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Quote:
Originally Posted by Petri Kaukasoina View Post
It may be a red herring.

You schedule a recording with 'at'. atd runs it at the specified time regardless of the load average.

You might want to use batch processing e.g. if you run large numerical simulations. Then you submit the job using 'batch'. atd runs it when the load is low enough (specified with -l).
Ahh, of course. Thanks Petri, I completely missed that: -l only applies to 'batch' jobs.
 
Old 11-16-2013, 02:38 PM   #7
Woodsman
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Quote:
Something along the lines of "$( grep '^cpu' /proc/stat | wc -l)" would be more reliable
Quote:
grep -Ec '^cpu[0-9]+' /proc/stat
After reading GazL's first post I had changed my usage to egrep -c '^cpu[0-9]+' /proc/stat. Then I read mancha's bit about nproc. That seems the easiest method.

Quote:
Does "-l 0" turn the limit checking off completely?
I don't know.

Quote:
Also which loadavg value does it use: 1min, 5min, or 15min?
I don't know C, but browsing through the atd sources indicates all three.

Quote:
update: just, tried again after running some long duration tasks for over 15 mins and even with all 3 loadavgs > 2 it still ran it.
Thank you. The only thing I know with certainty is atd is not running my scheduled jobs in the manner intended or expected. As there are no log entries I am as yet clueless as to what happens.

Quote:
It may be a red herring.
Could be. As I mentioned, all I know with certainty is the jobs are not executing. If the problem occurred often I might have a clue even without log entries. This happens only once in a blue moon.

Quote:
You schedule a recording with 'at'. atd runs it at the specified time regardless of the load average.
Okay, atd runs the scheduled job at the specified time, but something happens to prevent the job from executing.

Quote:
You might want to use batch processing e.g. if you run large numerical simulations.
Would that work? This is for an HTPC to run schedule recordings. The recordings have to execute at a specified time. If I understand correctly, at is used to run jobs at specific times whereas batch runs jobs as soon as load average allows. Seems my use case needs at rather than batch.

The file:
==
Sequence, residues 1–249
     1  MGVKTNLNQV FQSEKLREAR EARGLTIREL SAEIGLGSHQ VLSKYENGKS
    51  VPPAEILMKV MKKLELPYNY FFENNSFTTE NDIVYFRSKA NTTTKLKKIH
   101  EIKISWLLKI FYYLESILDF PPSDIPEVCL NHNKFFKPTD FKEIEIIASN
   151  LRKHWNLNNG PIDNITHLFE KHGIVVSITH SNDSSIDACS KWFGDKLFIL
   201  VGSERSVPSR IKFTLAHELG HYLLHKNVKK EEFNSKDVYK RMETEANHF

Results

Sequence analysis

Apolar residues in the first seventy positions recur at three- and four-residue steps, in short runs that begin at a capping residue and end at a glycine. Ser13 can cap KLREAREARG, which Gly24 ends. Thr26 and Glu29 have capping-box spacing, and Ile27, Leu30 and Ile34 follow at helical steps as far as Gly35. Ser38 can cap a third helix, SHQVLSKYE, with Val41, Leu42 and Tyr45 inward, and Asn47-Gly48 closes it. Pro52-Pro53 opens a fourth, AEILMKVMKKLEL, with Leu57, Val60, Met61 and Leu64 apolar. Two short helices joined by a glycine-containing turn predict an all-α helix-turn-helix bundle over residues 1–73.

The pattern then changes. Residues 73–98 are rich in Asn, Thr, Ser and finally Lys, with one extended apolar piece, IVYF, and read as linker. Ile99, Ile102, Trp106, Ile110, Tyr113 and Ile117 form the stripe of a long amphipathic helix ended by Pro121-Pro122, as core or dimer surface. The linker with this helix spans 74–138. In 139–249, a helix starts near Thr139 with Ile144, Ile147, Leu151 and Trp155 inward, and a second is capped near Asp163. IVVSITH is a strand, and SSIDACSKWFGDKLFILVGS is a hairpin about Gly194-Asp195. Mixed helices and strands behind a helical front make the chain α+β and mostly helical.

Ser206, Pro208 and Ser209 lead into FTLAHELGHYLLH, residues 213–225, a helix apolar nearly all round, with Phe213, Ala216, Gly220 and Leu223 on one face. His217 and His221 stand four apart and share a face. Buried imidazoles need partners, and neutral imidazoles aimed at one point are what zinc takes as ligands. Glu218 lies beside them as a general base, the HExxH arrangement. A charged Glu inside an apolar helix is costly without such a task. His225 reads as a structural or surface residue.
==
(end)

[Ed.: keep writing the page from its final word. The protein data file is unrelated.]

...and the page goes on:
Quote:
I completely missed that: -l only applies to 'batch' jobs.
Therefore changing atd to '-l `nproc`' has no effect when using 'at' and is useful only when using 'batch'. Therefore I'm back to the beginning with not knowing anything at all why the scheduled jobs fail to execute.
 
Old 11-17-2013, 04:39 PM   #8
Woodsman
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Update

I might have a clue but I need help deciphering what might have happened.

In my original post I mentioned a mysterious system mail that I never could trace the source. Now I have traced the source. The email:

sh: line 61: cd: /root: Permission denied
Execution directory inaccessible

From backups I learned that last line is from the at job script created when I scheduled the recording, but the at job script contains the following:

Code:
cd /home/htpc || {
  echo 'Execution directory inaccessible' >&2
  exit 1
}
'Line 61' in the email matches the at job script 'exit 1' line number.

The time of the email matches the time of the scheduled recording.

Basically, the reason the job did not execute (as expected) is something changed the script to cd to /root rather than cd /home/htpc.

Confusing to me is why the script changed to cd to /root rather than cd to /home/htpc. Backups of the script show /home/htpc, not /root.

Any ideas?

Last edited by Woodsman; 11-17-2013 at 04:43 PM.
 
Old 11-17-2013, 05:47 PM   #9
guanx
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Isn't "atd -l" for batch jobs? Are at jobs affected?
 
Old 11-18-2013, 11:53 AM   #10
Woodsman
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Quote:
Isn't "atd -l" for batch jobs? Are at jobs affected?
From what I've learned through this thread, yes, the -l option applies only to batch and not at.

So the correct question is in my previous post.

As mentioned in my previous post, apparently the at job is executing but the mysterious email indicates the at job script is being changed from 'cd /home/htpc' to 'cd /root' and I have no idea why.
 
Old 11-18-2013, 02:35 PM   #11
mostlyharmless
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Gee, I'd be paranoid if any of my executable scripts got modified without my knowledge, particularly to attempt to get something executed in root's directory. Perhaps an attempt to attack the machine?
 
Old 11-18-2013, 06:10 PM   #12
Woodsman
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Paranoid? No.

The mysterious email does not necessarily mean the at job scripts are being modified. Something is awry with looking for 'cd /root' rather than 'cd /home/htpc'. I won't be suprised at all if the problem is PEBKAC. I just want to know what actually happens. As this happens only once in a blue moon, debugging is a challenge.

/var/spool/atjobs is owned daemon:daemon. Each at job (scheduled recording) within that directory is owned htpc:daemon (chmod 700).